Sep 28, 2010 — by: E. Werner Reschke
Categories: Products

As a web developer I've had a love-hate relationship with Flash — and I'm not alone. In the beginning, when Macromedia brought this technology to the fore, it was simple, basic, but cool. A lot of things you couldn't do with HTML technologies were possible (animation, better fonts, better layout, better transitions, slide shows and then video). But over time Flash has become problematic not only from a consumer standpoint (What version do I have?"  and this site doesn't work on the iOS?!?!") as well as a developer's point of view.

Three Quick Reasons Why Flash Failed

  1. Adobe didn't improve the codec. While changes have been made to the "Flash player" it is sitll riddled with bugs. Sometimes at night, I'll hear my wife's laptop's fan roaring away because she has gone to bed with a web page loaded that has some flash animation which is causing conniptions with the browser, sucking CPU cycles, causing the CPU to get hot and thus the fan to roar like a lion. Closing the page, fixes the problem... but this shouldn't be. I'm not the only one who thinks this. Reread Steve Jobs' open letter about flash if you need more details.
  2. Adobe went Left Brain instead of Right Brain. Adobe took Flash from Macromedia and instead of making it easier for right-brained graphic designers to use, they created a language called Action Script to take over for most of the cool functions the program now enjoys. The problem is most graphic designers don't like to program. This would be like Adobe adding some cool functionality to Photoshop CS6, but the only easy way to access those features would be through Action Script programming.

    Today it takes both a left-brained person (programmer) AND right brained-person (designer) to product a sophisticated flash piece.  If you don't think so, have your Flash artist create a button that links to a PayPAL shopping cart item, without using Action Script. Yeah. This simple little task that takes two seconds in HTML can take hours of research until someone who's done it before steps to the fore.
  3. Adobe didn't take the codec and embed it in hardware. For a long while Flash was a web-standard. Adobe should've used this advantage and worked with Intel and other chip makers to embed the codec in their chip designs, so the codec became far more efficient in running in hardware than as software. I'm not a chip designer so I'm sure there would've been hurdles but this would've paid off as we become more mobile device driven and therefore more battery conscious. Hardware and software Flash would be way more efficient than Software-Only Flash is today.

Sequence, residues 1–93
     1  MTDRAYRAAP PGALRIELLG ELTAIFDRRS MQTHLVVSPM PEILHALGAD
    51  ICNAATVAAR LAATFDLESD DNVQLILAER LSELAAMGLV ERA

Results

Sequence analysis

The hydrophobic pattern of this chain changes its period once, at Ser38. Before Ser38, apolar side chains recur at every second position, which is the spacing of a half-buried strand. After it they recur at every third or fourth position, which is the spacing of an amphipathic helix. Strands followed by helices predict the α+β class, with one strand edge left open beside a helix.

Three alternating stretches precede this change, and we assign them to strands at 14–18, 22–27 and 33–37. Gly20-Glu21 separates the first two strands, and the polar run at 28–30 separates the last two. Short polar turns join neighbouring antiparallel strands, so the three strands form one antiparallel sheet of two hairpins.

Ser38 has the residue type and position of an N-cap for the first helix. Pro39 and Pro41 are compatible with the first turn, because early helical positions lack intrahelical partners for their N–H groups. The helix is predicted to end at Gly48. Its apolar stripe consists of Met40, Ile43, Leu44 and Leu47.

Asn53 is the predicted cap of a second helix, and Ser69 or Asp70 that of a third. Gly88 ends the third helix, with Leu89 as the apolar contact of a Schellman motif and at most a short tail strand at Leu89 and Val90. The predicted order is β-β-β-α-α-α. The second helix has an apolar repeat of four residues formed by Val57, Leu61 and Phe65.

In summary, Adobe took a cool technology and did all of the wrong things to it. Now it's trying to make Flash a mobile development platform in a world where new mobile development platforms seem to be announced on a daily basis. Too bad.

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  1. Peter ~ Sep. 29, 2010 @ 7:29 am

    Adobe did not create ActionScript (one word) - Macromedia did, and without it Flash would not be much more than a tool for creating time-line based animation. It is obviously used for much more than that - including creating irritating banner ads. Flash plug-in is not a "codec", it is a run-time compiler - amongst other things. And working with Intel to have it embedded would make it very difficult for Adobe to issue their frequent updates. ActionScript takes time to learn, and it certainly isn't for every "designer". Building sophisticated websites requires a team regardless of wether you use Flash or PHP/HTML/CSS/JavaScript. #
  2. Boom ~ Sep. 29, 2010 @ 11:50 am